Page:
It’s past midnight, so the insurrectionists made it into their second day, but it all has the feel of a sinking ship. Some Congressmen and Josh Hawley will ride it to the bottom.
I’m actually kinda glad that Hawley joined the Pennsylvania objection, as it gives me the chance to write a bit before bed, assured that I’ll wake up tomorrow one day closer to the end of both the Trump Regime, and the whole Trumpian Era.
— — -
What’s on my mind right now, before knocking off for the night, is my dad. I just received an email from him — we write to one another almost daily, and on a day like today, multiple times. While observing our different temperaments — I’m far more mercurial — he noted that today the Republican Party experienced some changes. They lost Georgia. They lost the Senate. They’re now out of power, and divided — and some of the wiser voices were elevated. Mitt Romney gave one hell of a speech.
He further noted that to heal the country, Biden is going to need representation — and if not allies, at least a loyal opposition — out in the vast red regions of the nation to rebuild the Republic.
But I’m also thinking of him today for two other reasons. The first is a lesson he shared long ago from his career in New York State politics. The second is something he said to me on the way out the door the New York City apartment on September 13, or 14 in 2001.
The lesson — one he notes is pretty much iron-clad in politics — is that you can always count on your opponent to overplay their hand. That happened today beyond all reason. You almost expect this sort of inanity from members of the House — twerps like Gaetz or Jordon — but today two men who want to be king, Ted Cruz and Josh Hawley tried to ride the tiger and ended up being pushed out the back of the cat like so many foul pellets.
They lied, and lied, and lied — and stoked, and stoked, and stoked — until their base was flaming hot, and then seemed surprised when the mob smashed down the door. Well, the last count I saw was four dead in the halls of Congress. That means those jamokes need to walk to the Senate Chamber daily, with colleagues, staff, and security who know that they got Americans killed. History will render its verdict soundly. I hope the Republican Caucus and Minority Leader McConnell do, too. Then . . . the voters.
This was a colossal error, a preposterous overplaying of a weak and foolish hand. That will bring harsh, karmic judgment down upon them.
As for the twerps in the House — and on Fox News — who are spinning the fantasy about this really being Antifa. Ha. Let them. It means three things. First, they look ridiculous. Second, they now can’t mourn their “heroes” who died, because . . . duh, they’re Antifa. Third, if they want the story to hold ANY water, the army of MAGA-trolls need to go home. They can’t do any more violence, if their excuse is “Hey, wasn’t me!”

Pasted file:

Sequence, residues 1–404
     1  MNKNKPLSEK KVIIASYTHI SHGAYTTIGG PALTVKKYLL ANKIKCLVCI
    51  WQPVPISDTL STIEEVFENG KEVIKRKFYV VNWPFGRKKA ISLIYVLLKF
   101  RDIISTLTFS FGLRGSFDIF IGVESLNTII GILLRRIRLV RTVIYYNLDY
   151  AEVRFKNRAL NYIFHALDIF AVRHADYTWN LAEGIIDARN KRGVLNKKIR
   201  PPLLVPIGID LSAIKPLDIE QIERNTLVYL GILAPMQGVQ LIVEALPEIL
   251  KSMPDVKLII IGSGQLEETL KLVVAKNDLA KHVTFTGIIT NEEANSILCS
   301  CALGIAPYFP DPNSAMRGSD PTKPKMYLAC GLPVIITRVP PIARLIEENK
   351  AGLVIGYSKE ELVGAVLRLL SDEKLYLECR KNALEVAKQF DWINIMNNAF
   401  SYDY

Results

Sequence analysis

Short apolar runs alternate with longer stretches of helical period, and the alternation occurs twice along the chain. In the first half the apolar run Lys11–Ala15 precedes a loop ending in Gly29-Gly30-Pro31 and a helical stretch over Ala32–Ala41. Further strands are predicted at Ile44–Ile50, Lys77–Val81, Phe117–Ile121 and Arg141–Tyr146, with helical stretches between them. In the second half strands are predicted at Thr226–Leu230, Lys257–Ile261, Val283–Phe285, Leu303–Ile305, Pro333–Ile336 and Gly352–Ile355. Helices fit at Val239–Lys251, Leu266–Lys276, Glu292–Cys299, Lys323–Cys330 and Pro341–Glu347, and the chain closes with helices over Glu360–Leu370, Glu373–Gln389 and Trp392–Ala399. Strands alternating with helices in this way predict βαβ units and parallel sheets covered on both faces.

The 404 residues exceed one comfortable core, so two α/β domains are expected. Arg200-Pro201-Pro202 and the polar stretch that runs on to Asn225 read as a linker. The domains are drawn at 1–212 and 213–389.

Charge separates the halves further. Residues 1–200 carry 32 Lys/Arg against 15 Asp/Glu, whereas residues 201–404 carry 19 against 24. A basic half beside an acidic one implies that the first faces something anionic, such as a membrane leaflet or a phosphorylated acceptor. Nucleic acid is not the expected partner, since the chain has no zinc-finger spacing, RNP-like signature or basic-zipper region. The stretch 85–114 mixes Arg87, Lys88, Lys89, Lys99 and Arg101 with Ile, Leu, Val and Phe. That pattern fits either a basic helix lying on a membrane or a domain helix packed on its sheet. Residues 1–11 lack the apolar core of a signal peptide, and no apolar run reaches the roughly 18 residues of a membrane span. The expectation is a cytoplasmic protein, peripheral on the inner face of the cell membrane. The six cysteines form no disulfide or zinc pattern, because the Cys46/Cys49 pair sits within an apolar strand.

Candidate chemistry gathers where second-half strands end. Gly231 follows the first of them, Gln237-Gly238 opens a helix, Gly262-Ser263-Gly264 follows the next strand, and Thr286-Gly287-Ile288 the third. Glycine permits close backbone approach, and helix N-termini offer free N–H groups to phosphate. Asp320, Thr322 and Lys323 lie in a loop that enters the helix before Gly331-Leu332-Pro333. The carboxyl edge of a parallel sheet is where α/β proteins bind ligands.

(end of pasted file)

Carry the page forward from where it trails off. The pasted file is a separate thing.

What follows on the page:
I’ll take that all day long.
But back to my dad and late 2001.
I don’t remember exactly what day it was that week, but it wasn’t more than two or three after the attack. We lived in Manhattan at the time — my mom, dad, and me. I’d been stuck out in Brooklyn for a few days because the bridges were closed, but finally made it home. You could still smell the burning pit, and we were all just so anxious and scared. My mom was really shaken up, and we only really felt safe when we were home together. Then my dad said he had a meeting that he could not miss. He had to go.
I did NOT want him to go. My mom did NOT want him to go. But he said he had to. I don’t remember the group, but some of them were Jewish with strong connections to Israel, and my dad noted that, in Israel, when terrorism strikes, you ABSOLUTELY go to your next meeting. To not go, to show fear in the face of aggression is to embrace defeat and — in the often overused phrase — it lets the terrorists win.
Just now, while watching the anodyne, boring grind of Mike Pence presiding over a Joint Session of Congress at midnight, with all the formalism of “Mr. President, the Certificate of the State of Hawaii seems to be regular in form and authentic. And it appears, therefrom that Joseph R. Biden has received . . . “ over and over and over again as the rituals of democracy are played out, stands as a perfect counterbalance to the chaos of earlier today. And it is so important — in the exact same way that it was crucial for my dad and his friends to hold their meeting just days after 9/11.
I get that now.
The fact that we are ending this day with the quiet progression of governance, with the orderly rituals of transition just hours after a bunch of hyped-up yahoos smashed the glass and spilt blood in our halls, means that we’re still here — and it means that we won.
They lost. We won.
There will be more fights tomorrow — but they will be different fights, and today — strange as it seems, and perhaps counterintuitively — was a total victory.
The insurrectionists overplayed their hands. Badly. So badly. They have been exposed. The world sees them, and will revile them . . .
. . . and they didn’t stop a thing.